Like lots of designers, Zac Posen wears many hats. In fact, he says it shakes out to 16 collections a year. He designs for Brooks Brothers; recently updated the uniforms at Delta Air Lines; released a cookbook; judges on “Project Runway,” and released a documentary. But it was his namesake label that started it all.

To present that collection for spring 2019, Posen is once again forgoing a traditional runway show — something he has done for several seasons — in favor of images and a film. The difference this season is that the film has a more narrative- and character-driven feeling. Gia Coppola shot the piece, with Maya Hawke as muse. To Posen, Hawke was more than just a subject — both she and Coppola are close personal friends, and Hawke, who was looped in and confirmed while he was still designing the collection, helped to influence his designs for the season. So spring 2019 was a family affair.

“The original Zac girl is a creative free spirit. When I think of my early muses, this collection has almost come full circle to that idea. It’s not grande dame, or overt glamour, there is a new side to it,” he says while showing the collection in his Manhattan atelier.

Make no mistake, he loves a runway show, and before it was a good thing he showed in Paris, but it’s a new time. “How we communicate has changed, in every aspect of life. For us, it’s unique to take smart, calculated risks on how we present the collection. This is the next phase of that,” the designer notes.

He chose to shoot the spring collection in Bridgehampton, N.Y., at a friend’s house over several days in early August. Coppola used natural light to capture Hawke — the daughter of Ethan Hawke and Uma Thurman — in scenarios throughout the grounds. The idea was to put the pieces from the collection, which spans from event dresses to sculptural suiting and casual dressing, into a visual narrative. “There is a journey for the character, from joyful summer baby, to a slightly fed up kid, out of place in nice clothes and maybe even in her body, to hopefully, a woman, proud and playful,” Hawke explains.

“Gia created a cinematic quality; she definitely has a strong signature style and point of view. Also for me, it’s exciting to work with a female subject, who is a size 4, and also have a female photographer,” Posen says, adding that his subject is a “collaborator, not just a doll.”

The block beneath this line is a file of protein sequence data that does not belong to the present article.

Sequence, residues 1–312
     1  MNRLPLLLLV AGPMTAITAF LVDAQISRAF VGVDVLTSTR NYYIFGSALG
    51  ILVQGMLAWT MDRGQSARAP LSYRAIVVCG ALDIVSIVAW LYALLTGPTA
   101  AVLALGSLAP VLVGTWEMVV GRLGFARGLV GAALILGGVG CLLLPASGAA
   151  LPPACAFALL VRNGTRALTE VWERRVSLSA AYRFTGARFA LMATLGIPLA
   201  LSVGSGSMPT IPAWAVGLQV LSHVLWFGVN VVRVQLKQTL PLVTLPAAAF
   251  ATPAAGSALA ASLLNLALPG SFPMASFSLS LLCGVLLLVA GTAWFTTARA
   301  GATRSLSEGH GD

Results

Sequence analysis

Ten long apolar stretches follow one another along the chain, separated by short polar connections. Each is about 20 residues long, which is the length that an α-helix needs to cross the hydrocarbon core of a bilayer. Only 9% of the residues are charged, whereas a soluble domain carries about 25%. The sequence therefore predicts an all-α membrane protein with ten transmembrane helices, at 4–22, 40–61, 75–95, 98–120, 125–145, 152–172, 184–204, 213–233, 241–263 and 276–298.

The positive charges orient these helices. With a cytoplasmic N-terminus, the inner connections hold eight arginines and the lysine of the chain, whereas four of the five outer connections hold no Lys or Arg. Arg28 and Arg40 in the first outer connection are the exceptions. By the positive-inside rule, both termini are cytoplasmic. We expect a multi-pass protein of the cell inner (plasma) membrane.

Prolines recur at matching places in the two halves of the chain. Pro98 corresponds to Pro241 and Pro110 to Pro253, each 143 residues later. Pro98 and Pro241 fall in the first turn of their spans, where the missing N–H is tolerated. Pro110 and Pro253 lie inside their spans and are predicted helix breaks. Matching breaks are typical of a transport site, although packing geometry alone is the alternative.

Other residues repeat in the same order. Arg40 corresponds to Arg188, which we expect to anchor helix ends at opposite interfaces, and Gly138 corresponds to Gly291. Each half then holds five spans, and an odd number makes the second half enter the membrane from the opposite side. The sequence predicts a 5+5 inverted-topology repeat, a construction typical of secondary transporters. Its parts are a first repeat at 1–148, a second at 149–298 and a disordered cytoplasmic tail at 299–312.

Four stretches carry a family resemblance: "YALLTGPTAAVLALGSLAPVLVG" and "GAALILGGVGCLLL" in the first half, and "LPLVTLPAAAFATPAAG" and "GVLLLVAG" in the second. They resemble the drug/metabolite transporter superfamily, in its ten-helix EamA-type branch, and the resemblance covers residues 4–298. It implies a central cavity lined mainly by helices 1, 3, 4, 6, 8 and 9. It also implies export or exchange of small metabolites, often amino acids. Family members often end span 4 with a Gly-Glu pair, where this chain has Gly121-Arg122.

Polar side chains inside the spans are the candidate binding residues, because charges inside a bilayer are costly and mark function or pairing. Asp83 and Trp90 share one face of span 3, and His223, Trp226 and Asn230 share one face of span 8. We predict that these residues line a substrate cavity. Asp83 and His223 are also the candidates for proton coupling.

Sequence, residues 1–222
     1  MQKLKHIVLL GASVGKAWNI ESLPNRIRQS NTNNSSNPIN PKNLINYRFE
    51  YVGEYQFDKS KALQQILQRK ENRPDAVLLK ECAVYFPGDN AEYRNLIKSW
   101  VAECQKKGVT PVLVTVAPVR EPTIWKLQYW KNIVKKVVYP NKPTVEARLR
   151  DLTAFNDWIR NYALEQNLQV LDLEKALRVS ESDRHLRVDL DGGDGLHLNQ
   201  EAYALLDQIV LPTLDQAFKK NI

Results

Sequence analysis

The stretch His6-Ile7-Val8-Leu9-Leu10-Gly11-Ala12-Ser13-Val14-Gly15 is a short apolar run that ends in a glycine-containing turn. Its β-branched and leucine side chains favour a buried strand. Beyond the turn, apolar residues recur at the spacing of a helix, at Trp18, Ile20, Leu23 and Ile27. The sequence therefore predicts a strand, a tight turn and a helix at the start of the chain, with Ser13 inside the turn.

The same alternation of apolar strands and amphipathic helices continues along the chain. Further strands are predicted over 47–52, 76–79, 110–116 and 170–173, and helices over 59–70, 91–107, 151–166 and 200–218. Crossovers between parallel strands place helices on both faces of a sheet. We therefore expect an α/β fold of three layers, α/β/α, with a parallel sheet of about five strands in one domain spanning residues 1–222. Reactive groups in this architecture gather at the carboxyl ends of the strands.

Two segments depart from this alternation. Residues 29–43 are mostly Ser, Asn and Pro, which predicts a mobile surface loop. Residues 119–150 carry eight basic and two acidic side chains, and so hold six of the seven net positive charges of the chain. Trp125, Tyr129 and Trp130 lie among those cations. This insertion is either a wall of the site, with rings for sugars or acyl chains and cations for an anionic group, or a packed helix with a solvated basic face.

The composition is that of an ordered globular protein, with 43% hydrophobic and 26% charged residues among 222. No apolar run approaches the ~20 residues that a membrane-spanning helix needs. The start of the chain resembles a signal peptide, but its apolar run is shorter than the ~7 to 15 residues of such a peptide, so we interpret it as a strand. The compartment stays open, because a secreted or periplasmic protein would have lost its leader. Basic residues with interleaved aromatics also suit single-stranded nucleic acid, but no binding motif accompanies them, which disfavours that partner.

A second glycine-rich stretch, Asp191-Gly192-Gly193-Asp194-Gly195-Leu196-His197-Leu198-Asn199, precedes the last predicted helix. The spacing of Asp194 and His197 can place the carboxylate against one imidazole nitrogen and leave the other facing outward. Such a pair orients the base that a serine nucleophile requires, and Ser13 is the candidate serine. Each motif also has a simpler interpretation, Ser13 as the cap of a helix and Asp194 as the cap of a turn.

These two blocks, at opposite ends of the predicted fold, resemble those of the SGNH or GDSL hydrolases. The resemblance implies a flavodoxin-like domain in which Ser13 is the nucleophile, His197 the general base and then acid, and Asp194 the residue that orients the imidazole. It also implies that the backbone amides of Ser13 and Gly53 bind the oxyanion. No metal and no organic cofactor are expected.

“I think Zac and Gia wanted to capture a moment rather than create one. I tried to be true to the way those things made me feel and give Gia access to that, to invite her camera into my experience,” Hawke says. “It was amazing to work with her because we have similar taste for silliness and juxtaposition. I did my own hair and I hardly wore any makeup except to cover my pimples. We ate and ran and swam and talked in the clothes. It was very free.”

“Showing the collection on a young girl who is 20, who is not a model — I’ve watched her grow up. She brings something authentic and special collaboration. It gives the narrative character, and movement to the clothes,” Posen adds.

The clothes have a soft freshness with a dash of Slim Aarons. Over-the-top glam is there, but in paper-light taffeta gowns, some in bright colors with ombré details; multilayered lace dresses with a late Nineties color palette; silk pieces in acid colors, or “florescent azalea,” as Posen called it. The designer aims to take his core fabrics and body-con silhouettes, things he is known for, and push to redevelop them each season, “not copy and pasted but reimagined and explored in new ways,” he notes.

A growing piece of what he makes each season now lies in the casual side of the business, but on Posen’s watch it’s casual with a twist of femininity. Liberty prints come in shirtdresses, shorts and culottes. The same print finds its way into several pieces as piping and seeming details hidden inside the garments, just to add a sense of whimsy. Summer lightweight tweeds, elevated as jackets and a short with bra-top combo, give a pin-up vibe, but not too sexy. Cable-knit oversize sweaters with color-grading details look easy over Liberty print shorts. More newness comes in a few swim options, each with corset details inside and breathable mesh — not swimsuits, but what the designer calls “toe dippers.” His modern take on Gidget at the beach, perfect in a time when being too sexy beachside may not be every woman’s goal.

“In the past, I did pieces meant to live on a runway. Now I focus on a kind of clothing that has a purpose: It lives at retail,” he says.

A few seasons in, this style of presenting clothes is paying off for Posen. Ahead of the start of the New York Fashion Week juggernaut to come, he reports that because the collection was done so early, many of the major retailers have already been in to place their orders. The images also provide a new way to talk to his customer that he says a 10-minute runway show, even with video, doesn’t provide.

“With these images we have the ability to roll our message for the season out in a variety of ways, and do it so it still looks surprising six months later when the collection is on the retail floor,” he says. “The other thing that lends me to using the formula, from an archival standpoint, I have images that are stronger than a runway image, in say…a book someday.”

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